The opposite occurred: The Rams took a simplistic approach and whipped the Cowboys from one side of the field to the other. 

“We are simply losing our gaps,” Dallas head coach Jason Garrett told Fox Sports’ Erin Andrews before the second-half kick. “We are not physical enough. We knew we had to spot the run coming in, and we’re just not doing it.”

LOS ANGELES, CA - JANUARY 12: Running back Todd Gurley #30 of the Los Angeles Rams rushes for a short gain in the second quarter against the Dallas Cowboys in the NFC Divisional Round playoff game at Los Angeles Memorial Coliseum on January 12, 2019 in Lo

Kevork Djansezian/Getty Images

Dallas’ defense—which held the run-first Seahawks to 73 rushing yards last weekend—couldn’t slow the Rams’ ground attack. Los Angeles set a postseason franchise record with 273 rushing yards. Todd Gurley and C.J. Anderson became only the fourth pair of teammates in the last 30 years to each run for 100 or more yards, according to NFL Research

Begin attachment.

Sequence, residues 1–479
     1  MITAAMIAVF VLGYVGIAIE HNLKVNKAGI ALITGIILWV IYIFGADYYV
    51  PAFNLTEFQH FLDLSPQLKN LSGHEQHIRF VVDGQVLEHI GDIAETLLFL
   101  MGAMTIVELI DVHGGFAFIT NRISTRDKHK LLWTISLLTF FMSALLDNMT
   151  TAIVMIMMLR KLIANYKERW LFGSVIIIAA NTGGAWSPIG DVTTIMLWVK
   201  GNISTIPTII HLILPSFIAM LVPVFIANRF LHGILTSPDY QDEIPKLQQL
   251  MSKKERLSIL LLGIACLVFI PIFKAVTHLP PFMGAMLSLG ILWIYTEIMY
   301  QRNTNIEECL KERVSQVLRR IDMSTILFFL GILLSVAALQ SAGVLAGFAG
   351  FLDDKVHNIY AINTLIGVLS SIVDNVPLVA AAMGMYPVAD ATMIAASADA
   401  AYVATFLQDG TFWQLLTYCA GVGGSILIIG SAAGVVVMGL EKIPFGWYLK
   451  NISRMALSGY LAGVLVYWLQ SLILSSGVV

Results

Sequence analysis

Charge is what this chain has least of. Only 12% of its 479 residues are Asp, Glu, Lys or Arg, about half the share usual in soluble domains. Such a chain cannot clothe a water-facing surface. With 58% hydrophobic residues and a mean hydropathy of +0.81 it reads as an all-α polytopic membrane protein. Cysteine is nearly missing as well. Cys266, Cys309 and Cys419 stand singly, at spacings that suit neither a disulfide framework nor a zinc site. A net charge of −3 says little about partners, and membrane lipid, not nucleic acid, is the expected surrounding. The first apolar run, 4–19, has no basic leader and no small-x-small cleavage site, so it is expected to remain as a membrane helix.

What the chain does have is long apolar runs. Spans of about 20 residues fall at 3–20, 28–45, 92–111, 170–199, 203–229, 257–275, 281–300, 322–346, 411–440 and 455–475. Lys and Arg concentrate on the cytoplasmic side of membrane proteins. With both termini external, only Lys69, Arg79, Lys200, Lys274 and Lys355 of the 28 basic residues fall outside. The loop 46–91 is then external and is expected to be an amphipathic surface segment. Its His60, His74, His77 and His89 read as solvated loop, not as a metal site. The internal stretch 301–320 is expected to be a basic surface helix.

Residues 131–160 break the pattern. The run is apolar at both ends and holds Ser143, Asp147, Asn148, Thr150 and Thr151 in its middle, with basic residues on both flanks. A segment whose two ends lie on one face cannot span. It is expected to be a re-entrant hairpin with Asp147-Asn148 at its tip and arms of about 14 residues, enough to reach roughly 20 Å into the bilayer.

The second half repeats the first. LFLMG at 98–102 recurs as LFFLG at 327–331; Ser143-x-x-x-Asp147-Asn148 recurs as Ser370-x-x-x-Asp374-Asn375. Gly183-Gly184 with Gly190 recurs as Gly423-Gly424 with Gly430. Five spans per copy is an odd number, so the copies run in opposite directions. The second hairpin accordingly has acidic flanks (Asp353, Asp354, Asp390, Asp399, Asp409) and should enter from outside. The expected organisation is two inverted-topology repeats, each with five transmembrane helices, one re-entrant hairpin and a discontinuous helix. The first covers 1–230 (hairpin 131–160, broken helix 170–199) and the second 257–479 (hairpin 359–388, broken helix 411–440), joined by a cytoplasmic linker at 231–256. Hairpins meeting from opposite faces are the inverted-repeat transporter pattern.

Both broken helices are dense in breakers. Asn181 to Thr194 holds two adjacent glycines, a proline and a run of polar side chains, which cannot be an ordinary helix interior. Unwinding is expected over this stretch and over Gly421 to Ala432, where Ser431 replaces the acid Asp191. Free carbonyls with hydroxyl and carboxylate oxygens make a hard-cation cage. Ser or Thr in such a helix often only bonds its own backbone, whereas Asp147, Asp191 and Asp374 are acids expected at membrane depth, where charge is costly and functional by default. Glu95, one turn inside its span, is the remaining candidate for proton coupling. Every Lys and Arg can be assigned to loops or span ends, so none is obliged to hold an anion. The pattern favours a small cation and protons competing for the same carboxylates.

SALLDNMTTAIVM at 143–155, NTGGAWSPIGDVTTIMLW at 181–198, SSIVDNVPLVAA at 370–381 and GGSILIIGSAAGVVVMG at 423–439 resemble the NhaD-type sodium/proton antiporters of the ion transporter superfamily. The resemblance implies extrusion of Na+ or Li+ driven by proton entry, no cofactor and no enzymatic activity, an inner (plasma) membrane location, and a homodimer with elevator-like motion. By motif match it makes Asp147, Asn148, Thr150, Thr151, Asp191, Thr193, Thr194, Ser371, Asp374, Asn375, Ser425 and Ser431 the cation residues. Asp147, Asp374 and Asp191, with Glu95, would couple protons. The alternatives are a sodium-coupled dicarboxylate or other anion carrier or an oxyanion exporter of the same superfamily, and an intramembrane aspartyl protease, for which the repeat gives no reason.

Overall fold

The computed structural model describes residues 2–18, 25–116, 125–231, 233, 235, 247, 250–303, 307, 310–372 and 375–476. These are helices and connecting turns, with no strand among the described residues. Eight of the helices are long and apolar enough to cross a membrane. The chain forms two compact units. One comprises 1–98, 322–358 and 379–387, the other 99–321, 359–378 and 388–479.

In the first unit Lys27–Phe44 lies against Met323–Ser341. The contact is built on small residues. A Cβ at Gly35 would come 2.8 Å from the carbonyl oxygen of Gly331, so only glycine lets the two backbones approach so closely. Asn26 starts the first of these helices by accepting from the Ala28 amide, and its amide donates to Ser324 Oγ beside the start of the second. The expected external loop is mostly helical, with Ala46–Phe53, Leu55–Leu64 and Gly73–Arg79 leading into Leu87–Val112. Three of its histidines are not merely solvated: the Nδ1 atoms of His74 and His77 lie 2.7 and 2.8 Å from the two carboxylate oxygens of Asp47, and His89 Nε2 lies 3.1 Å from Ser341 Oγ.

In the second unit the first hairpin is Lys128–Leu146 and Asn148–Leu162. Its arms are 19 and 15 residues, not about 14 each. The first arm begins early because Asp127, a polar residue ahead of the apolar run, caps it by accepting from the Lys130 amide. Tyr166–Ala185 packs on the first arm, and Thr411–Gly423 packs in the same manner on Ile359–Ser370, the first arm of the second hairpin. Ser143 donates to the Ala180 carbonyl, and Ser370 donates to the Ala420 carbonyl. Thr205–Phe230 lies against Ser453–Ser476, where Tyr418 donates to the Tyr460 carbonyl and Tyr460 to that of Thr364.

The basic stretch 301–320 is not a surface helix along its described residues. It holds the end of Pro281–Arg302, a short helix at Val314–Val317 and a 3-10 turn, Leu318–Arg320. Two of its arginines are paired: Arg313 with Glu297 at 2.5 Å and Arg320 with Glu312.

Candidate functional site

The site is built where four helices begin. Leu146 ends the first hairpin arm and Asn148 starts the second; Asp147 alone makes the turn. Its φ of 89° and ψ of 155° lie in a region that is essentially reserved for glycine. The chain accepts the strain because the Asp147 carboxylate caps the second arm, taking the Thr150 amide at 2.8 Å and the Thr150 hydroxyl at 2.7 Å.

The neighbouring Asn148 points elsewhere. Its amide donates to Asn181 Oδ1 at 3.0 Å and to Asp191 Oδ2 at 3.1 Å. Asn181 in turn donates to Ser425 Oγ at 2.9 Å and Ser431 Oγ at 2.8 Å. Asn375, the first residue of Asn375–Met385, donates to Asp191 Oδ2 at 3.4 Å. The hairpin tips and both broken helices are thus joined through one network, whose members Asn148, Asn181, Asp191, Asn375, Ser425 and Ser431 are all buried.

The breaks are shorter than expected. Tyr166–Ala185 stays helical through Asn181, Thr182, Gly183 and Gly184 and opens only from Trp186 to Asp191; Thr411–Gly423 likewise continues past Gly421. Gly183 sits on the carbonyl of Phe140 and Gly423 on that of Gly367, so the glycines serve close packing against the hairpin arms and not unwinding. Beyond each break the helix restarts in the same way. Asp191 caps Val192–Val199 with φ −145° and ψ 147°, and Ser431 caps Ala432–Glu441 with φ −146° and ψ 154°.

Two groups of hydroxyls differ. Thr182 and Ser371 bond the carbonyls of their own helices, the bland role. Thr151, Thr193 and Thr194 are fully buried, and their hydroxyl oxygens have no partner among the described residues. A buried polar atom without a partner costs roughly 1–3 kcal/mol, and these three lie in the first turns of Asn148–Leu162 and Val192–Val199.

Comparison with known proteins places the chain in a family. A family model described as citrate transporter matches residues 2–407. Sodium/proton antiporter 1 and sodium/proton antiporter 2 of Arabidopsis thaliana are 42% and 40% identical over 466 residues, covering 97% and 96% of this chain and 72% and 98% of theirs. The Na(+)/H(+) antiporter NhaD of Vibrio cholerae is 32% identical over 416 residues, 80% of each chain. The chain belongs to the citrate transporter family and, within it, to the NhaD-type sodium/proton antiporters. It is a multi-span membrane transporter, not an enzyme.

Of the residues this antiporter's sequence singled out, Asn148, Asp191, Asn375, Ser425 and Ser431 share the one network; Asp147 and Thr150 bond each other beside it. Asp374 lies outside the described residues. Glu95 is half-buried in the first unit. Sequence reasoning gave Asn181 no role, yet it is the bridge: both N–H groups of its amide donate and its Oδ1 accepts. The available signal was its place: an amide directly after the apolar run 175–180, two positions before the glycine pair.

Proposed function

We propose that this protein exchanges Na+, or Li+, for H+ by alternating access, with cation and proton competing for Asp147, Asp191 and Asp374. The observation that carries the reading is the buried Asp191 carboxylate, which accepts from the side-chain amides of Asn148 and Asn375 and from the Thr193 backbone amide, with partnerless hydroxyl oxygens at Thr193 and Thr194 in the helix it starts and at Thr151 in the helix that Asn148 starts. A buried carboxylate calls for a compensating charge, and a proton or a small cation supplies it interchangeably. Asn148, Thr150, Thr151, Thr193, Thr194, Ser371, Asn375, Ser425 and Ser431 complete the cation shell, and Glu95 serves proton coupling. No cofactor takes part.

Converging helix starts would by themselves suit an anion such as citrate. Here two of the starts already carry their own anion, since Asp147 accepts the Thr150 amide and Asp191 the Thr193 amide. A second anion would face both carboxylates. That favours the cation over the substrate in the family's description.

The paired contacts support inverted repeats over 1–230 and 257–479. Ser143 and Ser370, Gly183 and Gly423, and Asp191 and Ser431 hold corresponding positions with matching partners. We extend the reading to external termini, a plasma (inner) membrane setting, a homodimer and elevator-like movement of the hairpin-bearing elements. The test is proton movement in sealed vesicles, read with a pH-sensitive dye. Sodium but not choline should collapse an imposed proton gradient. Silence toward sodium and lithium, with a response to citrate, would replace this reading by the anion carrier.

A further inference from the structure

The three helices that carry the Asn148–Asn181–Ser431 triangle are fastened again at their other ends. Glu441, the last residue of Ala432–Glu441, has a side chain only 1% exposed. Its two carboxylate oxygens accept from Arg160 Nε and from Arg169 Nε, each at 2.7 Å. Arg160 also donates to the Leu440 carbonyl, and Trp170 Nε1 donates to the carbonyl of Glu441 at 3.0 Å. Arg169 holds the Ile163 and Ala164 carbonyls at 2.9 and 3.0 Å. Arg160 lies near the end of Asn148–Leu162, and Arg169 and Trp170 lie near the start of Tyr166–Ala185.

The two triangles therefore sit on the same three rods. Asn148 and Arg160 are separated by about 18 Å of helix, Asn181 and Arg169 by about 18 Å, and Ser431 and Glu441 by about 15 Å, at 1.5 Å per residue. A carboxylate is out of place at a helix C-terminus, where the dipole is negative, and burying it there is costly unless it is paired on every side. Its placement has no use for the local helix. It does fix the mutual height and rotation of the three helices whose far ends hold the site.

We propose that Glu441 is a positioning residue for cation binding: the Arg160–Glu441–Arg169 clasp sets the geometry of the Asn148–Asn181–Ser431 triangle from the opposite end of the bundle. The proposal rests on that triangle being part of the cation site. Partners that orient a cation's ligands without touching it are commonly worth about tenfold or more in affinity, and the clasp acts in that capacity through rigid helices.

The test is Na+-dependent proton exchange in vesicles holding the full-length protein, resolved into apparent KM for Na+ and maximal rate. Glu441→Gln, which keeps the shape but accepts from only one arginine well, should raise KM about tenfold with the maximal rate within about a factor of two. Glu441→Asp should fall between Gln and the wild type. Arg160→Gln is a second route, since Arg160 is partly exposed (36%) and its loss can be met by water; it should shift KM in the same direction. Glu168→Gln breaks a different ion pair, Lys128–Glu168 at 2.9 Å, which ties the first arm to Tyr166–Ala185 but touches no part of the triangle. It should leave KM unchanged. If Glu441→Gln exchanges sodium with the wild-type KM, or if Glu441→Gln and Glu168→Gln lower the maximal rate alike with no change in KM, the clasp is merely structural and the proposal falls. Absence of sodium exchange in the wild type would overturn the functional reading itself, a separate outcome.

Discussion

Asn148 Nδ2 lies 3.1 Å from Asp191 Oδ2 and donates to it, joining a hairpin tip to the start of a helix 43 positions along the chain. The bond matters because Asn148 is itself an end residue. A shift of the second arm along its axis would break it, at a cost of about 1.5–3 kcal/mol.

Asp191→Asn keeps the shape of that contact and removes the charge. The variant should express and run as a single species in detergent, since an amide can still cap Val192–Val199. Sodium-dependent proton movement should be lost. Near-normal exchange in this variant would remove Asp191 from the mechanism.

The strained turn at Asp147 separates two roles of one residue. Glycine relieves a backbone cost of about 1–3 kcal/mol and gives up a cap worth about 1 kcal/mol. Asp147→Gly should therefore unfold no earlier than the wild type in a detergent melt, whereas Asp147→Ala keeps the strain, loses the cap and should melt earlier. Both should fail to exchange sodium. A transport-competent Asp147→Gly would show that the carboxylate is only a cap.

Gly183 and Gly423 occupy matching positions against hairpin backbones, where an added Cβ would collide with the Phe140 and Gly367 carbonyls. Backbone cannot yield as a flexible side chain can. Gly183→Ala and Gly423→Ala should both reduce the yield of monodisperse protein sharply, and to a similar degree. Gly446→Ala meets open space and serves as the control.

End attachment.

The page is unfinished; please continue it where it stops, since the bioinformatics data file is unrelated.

The Rams took the Cowboys’ souls on their way to the NFC Championship Game. 

McVay’s relatability, accountability and adaptability are his greatest assets. A great head coach can’t be uncovered purely by a resume, and there isn’t a correct path to finding the next big thing. But everyone still tries to follow what came before. 

Now, look around the league. The desire to nab someone of McVay’s ilk is understandable, albeit misguided. Still, his influence is written all over the majority of this year’s hires. 

  • The Cincinnati Bengals reportedly prefer to bring in Rams quarterbacks coach Zac Taylor once Los Angeles’ postseason run is complete, per the Cincinnati Enquirer‘s Paul Dehner Jr.